The Inauguration of Sarah C. Mangelsdorf: Full Ceremony


[MUSIC – PRELUDE] [MUSIC – PROCESSION] Let us pray. O eternal wisdom,
we gather today as one community, united in
joy, hope, and gratitude, for the gift of
Sarah Mangelsdorf, chosen to be the 11th president
of the University of Rochester. We entrust her with the
mace, seal, and charter of this university. And charge her with
the responsibility to lead us forward building
on the accomplishments of the past, while
dreaming new dreams, and making that which
is yet unseen visible. We are present today the
united in our commitment to the mission of
this university as a place of
learning, discovery, healing, and creativity. We have carefully
and thoughtfully called Sarah as the
woman peculiarly suited to take up the
mantle of President of the University of Rochester
at just such a time as this. She is a woman of integrity,
wisdom, and intelligence, uniquely gifted to move
this university forward, and to push us to realize
our aspirations to be an institution that embodies
its commitments to diversity, inclusion, and equity for
all members of the university community. As she takes on the
challenges of this role, may she know serenity when
times are chaotic. May she find
companionship and support with her colleagues, family, and
friends, when the days are long and the challenges exhausting. May she delight in the
triumphs of her work, and continue to grow
in wisdom and patience when she faces
obstacles or setbacks. May she listen deeply,
and approach each day with curiosity, energy, and joy. May she never lose her
delightful sense of humor and her resilience, born
of humility and compassion. Sarah brings to her presidency
all of her authentic self, prepared to engage
honestly and fairly with those in our university
community and beyond. May we, too, bring our
truest and best selves to the work we do
together with her, accountable each to the other,
with the shared goal of serving our local, national,
and global communities, with the abundant gifts
our students, faculty, and staff bring to
this university, and then offer
back to the world. May the work we do together
in the coming years truly exemplify our
university motto, Meliora. Amen. Please be seated. Good afternoon. Welcome to this
inaugural convocation to install Sarah C.
Mangelsdorf as the President of the University of Rochester. My name is Ann Nofziger. I’m a faculty member in the
Department of Family Medicine. And it was my privilege to serve
as co-chair of the university advisory committee for
the presidential search, with my wise partner,
Michael Scott. Before we begin
today’s ceremony, I have the distinct
honor of recognizing some of our special guests,
including our many partners in government. First, I would like to recognize
congressman Joe Morelle. We also have representatives
from the offices of Senator Charles Schumer,
Senator Kirsten Gillibrand, and representative Tom Reed. I want to thank New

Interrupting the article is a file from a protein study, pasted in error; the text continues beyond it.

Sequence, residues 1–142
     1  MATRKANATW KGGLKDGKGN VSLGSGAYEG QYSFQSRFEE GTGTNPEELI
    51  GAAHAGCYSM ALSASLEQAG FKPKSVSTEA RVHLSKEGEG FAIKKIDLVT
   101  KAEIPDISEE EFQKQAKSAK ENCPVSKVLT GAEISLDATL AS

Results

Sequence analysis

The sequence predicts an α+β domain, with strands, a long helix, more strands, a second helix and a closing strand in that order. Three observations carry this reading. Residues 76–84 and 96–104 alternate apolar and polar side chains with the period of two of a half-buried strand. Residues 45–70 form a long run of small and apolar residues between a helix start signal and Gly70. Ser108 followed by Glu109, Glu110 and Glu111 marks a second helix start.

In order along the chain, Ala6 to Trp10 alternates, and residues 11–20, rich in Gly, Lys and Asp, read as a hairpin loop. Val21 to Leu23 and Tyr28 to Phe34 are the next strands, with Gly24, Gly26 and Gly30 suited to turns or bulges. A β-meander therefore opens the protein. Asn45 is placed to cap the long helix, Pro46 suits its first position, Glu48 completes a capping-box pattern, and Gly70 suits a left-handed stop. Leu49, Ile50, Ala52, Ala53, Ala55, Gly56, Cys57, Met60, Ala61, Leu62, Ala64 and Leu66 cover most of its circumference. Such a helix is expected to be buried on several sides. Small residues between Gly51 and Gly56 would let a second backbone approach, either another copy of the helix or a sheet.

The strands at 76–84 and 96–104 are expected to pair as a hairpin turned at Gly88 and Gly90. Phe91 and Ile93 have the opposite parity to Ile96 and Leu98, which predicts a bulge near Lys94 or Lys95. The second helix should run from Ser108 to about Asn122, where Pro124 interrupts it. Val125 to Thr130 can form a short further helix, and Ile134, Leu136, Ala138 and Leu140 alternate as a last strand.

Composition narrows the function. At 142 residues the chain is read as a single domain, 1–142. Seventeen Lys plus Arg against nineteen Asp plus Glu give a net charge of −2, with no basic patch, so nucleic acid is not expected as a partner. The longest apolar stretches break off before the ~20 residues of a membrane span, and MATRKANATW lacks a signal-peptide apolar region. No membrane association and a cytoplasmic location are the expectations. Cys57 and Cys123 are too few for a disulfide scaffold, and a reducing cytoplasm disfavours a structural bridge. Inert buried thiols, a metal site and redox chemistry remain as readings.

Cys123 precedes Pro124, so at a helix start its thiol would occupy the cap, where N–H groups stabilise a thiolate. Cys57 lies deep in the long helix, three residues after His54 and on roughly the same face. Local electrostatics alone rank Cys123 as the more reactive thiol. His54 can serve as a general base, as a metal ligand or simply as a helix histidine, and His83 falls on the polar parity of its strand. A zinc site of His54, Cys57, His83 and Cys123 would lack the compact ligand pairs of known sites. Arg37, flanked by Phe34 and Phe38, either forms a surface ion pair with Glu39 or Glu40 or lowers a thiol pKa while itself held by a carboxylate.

York state senator Rich Funke and assembly
members Harry Bronson, Jamie Romeo, and Mark
Johns for attending. On behalf of Governor
Cuomo, we want to thank his regional
representative, Vinny Esposito, for being here. From the county, we welcome
deputy county executive Tom VanStrydonck, county clerk Adam
Bello, district attorney Sandra Doorley, Sheriff Todd Baxter,
and county legislator Joshua Bauroth. Attending on behalf of
Rochester mayor Lovely Warren, I want to welcome deputy
mayor James Smith and chief of staff Alex Yudelson. I also want to thank city
council members Mitch Gruber, LaShay Harris, and Elaine
Spaull for joining us. And from the town
of Brighton, we are pleased to have town
supervisor Bill Moehle. In addition to our
elected officials, I want to thank Vice
Chancellor of the Board of Regents Andrew Brown, and
all the community leaders who have joined us here today. We deeply value your
partnership, support. And thank you for taking
the time to be here today for this important event. I want to welcome the academic
community gathered here, the many members of our own
faculty who are participating, as well as many delegates
from other colleges, universities, learned societies,
and foundations who are with us today. And I want to extend a very
special welcome to Sarah’s family and many friends, who
have come from near and far to celebrate with us. Let me particularly recognize
Sarah’s spouse, Karl Rosengren, her daughters Julia Rosengren
and Emily Rosengren, and Emily’s spouse Richard Lee. We are so delighted
that you are now part of the Rochester family. In the course of the search
for our new president, I learned a lot of things. That students,
faculty, and staff all felt deeply invested
in our committee’s work to identify their new leader. That our trustees bring
profound dedication, wisdom, and seriousness to
their partnership with our institution’s leaders. I was most struck by the
complexity and enormity, really, of our university
president’s work. The person we needed must
be tireless and smart. She would need grit and
determination, persuasiveness and decisiveness. She would need to